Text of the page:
Opera performances in Southern Ontario in the summer are becoming more numerous every year. This year, a few young companies are taking opera to some municipalities that once had opera companies and to others that never had them. This is all to the good in broadening the audience for opera as well as broadening notions of what opera is, as the offerings mix standards and rarities with brand-new works.

June

Nota Bene: June 2018 begins with a rarity. The Nota Bene Baroque Players of Waterloo team up with Capella Intima of Toronto and the Gallery Players of Niagara to present Folly in Love (Gli equivoci nel sembiante) from 1679, the first opera written by Alessandro Scarlatti (1660-1725). The first performance takes place in Kitchener on June 1, the second in Hamilton on June 2 and the third in St. Catharines on June 3.

The opera concerns two nymphs, Lisetta and Clori, who are both in love with the same shepherd Eurillo. When a new shepherd Armindo arrives, the nymphs change their affections to him. After much confusion, the four sort themselves into two happy couples. Sheila Dietrich and Jennifer Enns sing the two nymphs, Bud Roach is Eurillo and David Roth is Armindo. Roach also conducts the six-member ensemble of period instruments. The opera is presented in concert in Italian with English surtitles.

Vera Causa: Also outside Toronto, the young opera company Vera Causa Opera is presenting an unusual double bill of new Canadian operas by women composers. The first is an opera in Croatian and English, Padajuća Zvijezda (The Fallen Star) by Julijana Hajdinjak, and the second is The Covenant by Dylann Miller. The first opera is inspired by a short story by the composer’s sister Danijela about two lovers in a celestial kingdom where love has been outlawed and is punished by banishment to Earth. It features Allison Walmsley as Luna, Melina Garcia Zambrano as Aurelia, Gabriel Sanchez Ortega as Solaris, Katerina Utochkina as Astra and Philip Klaassen as Stello. Rachel Kalap is the stage director and Dylan Langan conducts a five-member ensemble plus chorus.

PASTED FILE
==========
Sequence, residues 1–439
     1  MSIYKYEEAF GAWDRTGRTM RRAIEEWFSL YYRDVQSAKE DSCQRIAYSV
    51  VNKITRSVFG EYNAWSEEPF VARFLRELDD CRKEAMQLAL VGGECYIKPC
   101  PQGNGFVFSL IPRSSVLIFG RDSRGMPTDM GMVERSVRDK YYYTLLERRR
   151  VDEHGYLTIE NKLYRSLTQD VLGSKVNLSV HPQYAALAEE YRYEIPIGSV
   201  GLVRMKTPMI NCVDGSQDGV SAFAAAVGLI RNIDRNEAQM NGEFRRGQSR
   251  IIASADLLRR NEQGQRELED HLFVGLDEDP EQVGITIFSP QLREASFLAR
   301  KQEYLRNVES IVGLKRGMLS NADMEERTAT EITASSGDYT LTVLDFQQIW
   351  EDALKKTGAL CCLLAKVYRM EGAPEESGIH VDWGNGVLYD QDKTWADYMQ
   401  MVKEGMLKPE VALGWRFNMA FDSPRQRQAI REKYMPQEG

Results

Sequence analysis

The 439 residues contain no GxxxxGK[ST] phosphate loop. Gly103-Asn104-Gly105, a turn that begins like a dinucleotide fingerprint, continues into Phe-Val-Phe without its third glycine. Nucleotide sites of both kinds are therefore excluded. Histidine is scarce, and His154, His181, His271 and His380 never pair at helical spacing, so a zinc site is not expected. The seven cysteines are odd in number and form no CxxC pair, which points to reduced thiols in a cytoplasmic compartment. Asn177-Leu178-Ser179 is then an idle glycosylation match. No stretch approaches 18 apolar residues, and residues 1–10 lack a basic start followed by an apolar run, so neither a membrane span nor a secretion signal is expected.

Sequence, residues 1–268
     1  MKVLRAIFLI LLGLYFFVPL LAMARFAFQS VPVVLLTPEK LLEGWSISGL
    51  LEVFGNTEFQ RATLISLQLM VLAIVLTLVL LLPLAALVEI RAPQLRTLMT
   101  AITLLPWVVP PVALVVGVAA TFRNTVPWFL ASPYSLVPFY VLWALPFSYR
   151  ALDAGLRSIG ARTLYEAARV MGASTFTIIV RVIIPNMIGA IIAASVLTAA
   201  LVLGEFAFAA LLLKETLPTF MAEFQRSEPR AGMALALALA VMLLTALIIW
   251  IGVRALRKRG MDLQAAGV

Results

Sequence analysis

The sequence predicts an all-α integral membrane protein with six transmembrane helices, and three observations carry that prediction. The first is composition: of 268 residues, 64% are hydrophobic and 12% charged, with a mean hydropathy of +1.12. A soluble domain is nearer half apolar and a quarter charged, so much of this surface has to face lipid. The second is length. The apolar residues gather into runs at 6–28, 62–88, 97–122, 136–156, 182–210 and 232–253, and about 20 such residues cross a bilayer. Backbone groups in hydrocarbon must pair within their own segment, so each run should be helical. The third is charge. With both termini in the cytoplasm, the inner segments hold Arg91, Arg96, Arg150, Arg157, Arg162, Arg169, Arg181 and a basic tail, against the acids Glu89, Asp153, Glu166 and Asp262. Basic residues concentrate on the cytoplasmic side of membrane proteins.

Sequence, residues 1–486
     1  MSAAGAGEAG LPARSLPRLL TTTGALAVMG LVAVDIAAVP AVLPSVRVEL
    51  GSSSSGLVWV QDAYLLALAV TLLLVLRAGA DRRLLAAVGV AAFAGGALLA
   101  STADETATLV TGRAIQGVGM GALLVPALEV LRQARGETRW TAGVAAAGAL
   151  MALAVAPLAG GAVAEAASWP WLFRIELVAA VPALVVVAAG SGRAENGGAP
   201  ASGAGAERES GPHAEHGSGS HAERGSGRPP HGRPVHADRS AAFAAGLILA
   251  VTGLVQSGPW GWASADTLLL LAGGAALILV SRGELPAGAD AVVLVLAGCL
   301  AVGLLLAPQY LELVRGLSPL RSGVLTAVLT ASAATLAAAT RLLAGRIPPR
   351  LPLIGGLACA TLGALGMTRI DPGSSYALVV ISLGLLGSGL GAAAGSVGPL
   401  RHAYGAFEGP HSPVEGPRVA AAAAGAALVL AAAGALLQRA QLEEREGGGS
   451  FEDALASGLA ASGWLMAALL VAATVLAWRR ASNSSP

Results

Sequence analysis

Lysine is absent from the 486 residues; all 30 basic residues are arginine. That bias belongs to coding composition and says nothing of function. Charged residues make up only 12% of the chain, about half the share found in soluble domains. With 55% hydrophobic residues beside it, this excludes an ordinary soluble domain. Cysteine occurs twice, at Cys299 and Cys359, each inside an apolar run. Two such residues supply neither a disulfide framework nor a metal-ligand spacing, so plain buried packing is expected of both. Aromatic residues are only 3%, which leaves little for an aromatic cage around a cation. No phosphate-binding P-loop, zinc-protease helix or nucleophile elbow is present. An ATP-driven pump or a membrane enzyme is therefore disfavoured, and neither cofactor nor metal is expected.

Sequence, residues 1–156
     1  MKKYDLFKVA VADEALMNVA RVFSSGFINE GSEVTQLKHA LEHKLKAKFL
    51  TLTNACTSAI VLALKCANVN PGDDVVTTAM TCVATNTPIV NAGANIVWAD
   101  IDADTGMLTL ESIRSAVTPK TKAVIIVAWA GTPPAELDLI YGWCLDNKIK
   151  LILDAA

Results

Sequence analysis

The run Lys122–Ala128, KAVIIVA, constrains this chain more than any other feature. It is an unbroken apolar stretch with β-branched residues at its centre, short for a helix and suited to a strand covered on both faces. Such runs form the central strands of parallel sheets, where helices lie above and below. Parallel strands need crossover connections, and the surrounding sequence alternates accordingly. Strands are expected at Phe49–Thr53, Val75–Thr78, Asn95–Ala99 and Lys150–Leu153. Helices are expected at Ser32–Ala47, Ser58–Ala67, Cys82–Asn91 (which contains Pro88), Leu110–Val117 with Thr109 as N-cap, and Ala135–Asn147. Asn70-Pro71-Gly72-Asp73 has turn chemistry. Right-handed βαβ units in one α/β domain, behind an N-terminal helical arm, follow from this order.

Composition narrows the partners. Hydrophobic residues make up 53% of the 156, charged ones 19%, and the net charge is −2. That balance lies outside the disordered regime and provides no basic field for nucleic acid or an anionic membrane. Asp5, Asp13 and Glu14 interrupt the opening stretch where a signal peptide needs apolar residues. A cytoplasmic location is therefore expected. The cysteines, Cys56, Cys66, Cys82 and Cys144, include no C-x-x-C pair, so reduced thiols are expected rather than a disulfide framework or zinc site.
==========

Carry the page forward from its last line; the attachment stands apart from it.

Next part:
The second opera concerns witches, lesbians and priests and is about “empowering women to embrace their true selves from the perspective of a teenage girl in a small town.” In it Allison Walmsley sings Cate, Chad Quigley is Father Andrew, Kimberley Rose-Pefhany is Keira, Autumn Wascher is Delaney, Stephanie O’Leary is Lilith and Sam Rowlandson-O’Hara is Cate’s Mother. Rebecca Gray is the stage director and Isaac Page conducts a small instrumental ensemble and chorus. The operas will be performed on June 22 in Waterloo and on June 23 in Cambridge. As both the Nota Bene and the Vera Causa opera productions show, opera companies whose goal is to serve their local communities are springing up outside of Toronto.

By Request: In Toronto, Opera by Request has two presentations in June. The first on June 2 is Mozart’s Don Giovanni. The second on June 9 is Donizetti’s daunting Anna Bolena. In the Mozart, Lawrence Cotton sings the title role, Evan Korbut is Leporello, Laura Schatz is Donna Elvira, Carrie Gray is Donna Anna and Risa de Rege is Zerlina. Kate Carver is the pianist and music director. In the Donizetti, Antonina Ermolenko sings the title role, John Holland is Enrico VIII, Monica Zerbe is Giovanna Seymour and Paul Williamson is Lord Percy. William Shookhoff is the pianist and music director.

Opera 5: On June 13, 15 and 17, Toronto’s Opera 5, which up to now has focused on presenting rarities such as its Dame Ethel Smyth double bill last year, makes its first foray into a full-length opera from the standard repertory, Rossini’s The Barber of Seville. Johnathon Kirby sings the title role, Kevin Myers is the Count Almaviva, Stephanie Tritchew is his beloved Rosina, Jeremy Ludwig is her jealous guardian Don Bartolo and Giles Tomkins is her music teacher Don Basilio.